What are the Symptoms of Precipitated Withdrawal?

Precipitated drug withdrawal causes a range of uncomfortable symptoms. The symptoms are described as the opposite of an opioid high. While opioid drugs provide pain relief and euphoria, this condition causes a sudden onset of intense pain and anxiety. Without medical intervention, the symptoms of precipitated withdrawal can last anywhere from a few hours to a couple of days. 

Symptoms include:

  • Abdominal pain
  • Nausea and excessive vomiting
  • Excessive diarrhea
  • Severe muscle aches and pains
  • Altered perception and confusion
  • Fever
  • Low blood pressure and elevated heart rate
  • Headaches
  • Anxiety and agitation
  • Fever, sweating, and chills

Typical drug withdrawal occurs slowly and intensifies over some time, but precipitated withdrawal happens suddenly. Severe symptoms of withdrawal can occur seemingly out of nowhere, making it exceptionally painful and disorienting. 

How Can a Drug and Alcohol Detox Center Help?

Precipitated withdrawal can be completely prevented by detoxing under medical supervision and taking medications as prescribed. Precipitated withdrawal happens when you take opioid antagonists and partial agonists like Suboxone too early. Staff at medical detox centers are aware of the guidelines for using these medications so they will not give you your first dose until your last dose of opioids has left your system.

If you were addicted to a short-acting opioid like heroin or oxycodone, you will wait for at least 12 to 24 hours before taking Suboxone. If you were addicted to long-acting opioids like methadone or oxycontin, you will wait 24 to 48 hours before starting an opioid withdrawal medication.[4]

If you come to an opioid detox center already presenting the symptoms of precipitated drug withdrawal, there are things medical professionals can do to help. Ironically, buprenorphine can effectively alleviate precipitated withdrawal symptoms even if that is what caused the condition to occur in the first place.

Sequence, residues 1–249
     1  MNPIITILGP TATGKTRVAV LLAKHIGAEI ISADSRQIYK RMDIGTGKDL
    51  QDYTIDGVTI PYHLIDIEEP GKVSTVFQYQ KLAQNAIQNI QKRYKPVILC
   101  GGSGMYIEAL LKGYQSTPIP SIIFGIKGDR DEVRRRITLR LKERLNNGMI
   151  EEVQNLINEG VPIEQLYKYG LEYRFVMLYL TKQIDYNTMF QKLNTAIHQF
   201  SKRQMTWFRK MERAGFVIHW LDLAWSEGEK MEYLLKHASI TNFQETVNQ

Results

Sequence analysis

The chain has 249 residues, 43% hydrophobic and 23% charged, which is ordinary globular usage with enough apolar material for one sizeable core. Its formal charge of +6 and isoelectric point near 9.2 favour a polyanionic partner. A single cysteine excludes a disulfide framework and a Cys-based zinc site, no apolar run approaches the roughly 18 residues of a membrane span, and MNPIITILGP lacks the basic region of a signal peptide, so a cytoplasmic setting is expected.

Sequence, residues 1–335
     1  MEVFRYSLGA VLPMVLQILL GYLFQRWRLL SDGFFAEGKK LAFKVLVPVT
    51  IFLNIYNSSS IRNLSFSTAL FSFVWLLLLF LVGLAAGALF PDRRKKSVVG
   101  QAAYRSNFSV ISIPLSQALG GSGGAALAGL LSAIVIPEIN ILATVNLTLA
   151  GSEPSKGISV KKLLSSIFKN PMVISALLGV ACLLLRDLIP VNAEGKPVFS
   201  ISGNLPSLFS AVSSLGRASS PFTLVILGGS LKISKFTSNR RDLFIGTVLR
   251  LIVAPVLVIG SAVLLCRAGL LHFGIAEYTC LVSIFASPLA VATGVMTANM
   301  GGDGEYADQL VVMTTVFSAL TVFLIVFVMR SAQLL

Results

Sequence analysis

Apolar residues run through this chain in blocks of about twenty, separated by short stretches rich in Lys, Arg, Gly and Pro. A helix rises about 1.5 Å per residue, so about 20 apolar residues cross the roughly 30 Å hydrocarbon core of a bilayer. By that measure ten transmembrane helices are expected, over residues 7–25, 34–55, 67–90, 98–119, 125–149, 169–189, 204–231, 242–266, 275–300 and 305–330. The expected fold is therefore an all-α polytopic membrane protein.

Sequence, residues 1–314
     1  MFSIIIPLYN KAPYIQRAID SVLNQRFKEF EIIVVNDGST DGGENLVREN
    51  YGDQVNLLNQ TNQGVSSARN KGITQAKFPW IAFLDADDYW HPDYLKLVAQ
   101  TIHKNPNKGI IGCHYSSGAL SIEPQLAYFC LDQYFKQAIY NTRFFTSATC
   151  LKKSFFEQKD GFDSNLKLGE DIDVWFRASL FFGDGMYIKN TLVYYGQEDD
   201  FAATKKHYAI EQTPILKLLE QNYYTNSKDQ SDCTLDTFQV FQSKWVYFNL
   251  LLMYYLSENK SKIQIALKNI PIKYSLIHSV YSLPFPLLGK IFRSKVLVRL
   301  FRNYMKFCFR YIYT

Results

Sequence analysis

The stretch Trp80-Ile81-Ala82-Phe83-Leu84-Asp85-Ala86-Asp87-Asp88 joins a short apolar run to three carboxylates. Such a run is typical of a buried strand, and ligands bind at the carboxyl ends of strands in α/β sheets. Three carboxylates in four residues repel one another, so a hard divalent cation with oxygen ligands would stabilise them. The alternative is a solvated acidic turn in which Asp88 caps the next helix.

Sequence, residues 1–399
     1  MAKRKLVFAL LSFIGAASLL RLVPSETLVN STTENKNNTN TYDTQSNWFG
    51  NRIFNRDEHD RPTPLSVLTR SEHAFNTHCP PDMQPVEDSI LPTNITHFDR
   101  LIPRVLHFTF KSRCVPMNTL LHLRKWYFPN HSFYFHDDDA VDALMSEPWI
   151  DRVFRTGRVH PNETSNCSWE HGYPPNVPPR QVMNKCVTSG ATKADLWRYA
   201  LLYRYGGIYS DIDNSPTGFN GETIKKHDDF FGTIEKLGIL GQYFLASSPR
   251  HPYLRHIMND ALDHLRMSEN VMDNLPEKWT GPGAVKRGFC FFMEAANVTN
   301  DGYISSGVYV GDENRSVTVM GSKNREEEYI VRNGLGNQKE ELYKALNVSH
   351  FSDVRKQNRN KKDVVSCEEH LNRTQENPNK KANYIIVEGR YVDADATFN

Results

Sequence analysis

Either way, you must choose to get help from a medical detox center to overcome the symptoms of withdrawal and start your recovery. Attending one of these programs can prevent you from experiencing precipitated drug withdrawal in the first place. 

Medically Supervised Drug & Alcohol Detox in West Palm Beach, Florida

If you or a loved one suffer from opioid addiction, it’s time to seek help. A drug and alcohol detox center can provide you with the proper treatment, support, and medications to prevent you from experiencing severe symptoms of withdrawal. Being under the supervision of medical professionals will save you from developing concerning conditions like precipitated withdrawal. 

The Mandala Healing Center understands that addiction presents differently with each patient, as each substance affects individuals in unique ways. After a careful assessment of each patient’s history and patterns of drug use, a personalized detoxification plan is developed. After the physical addiction is treated, healing can then begin.

Contact the Mandala Healing Center today to get started.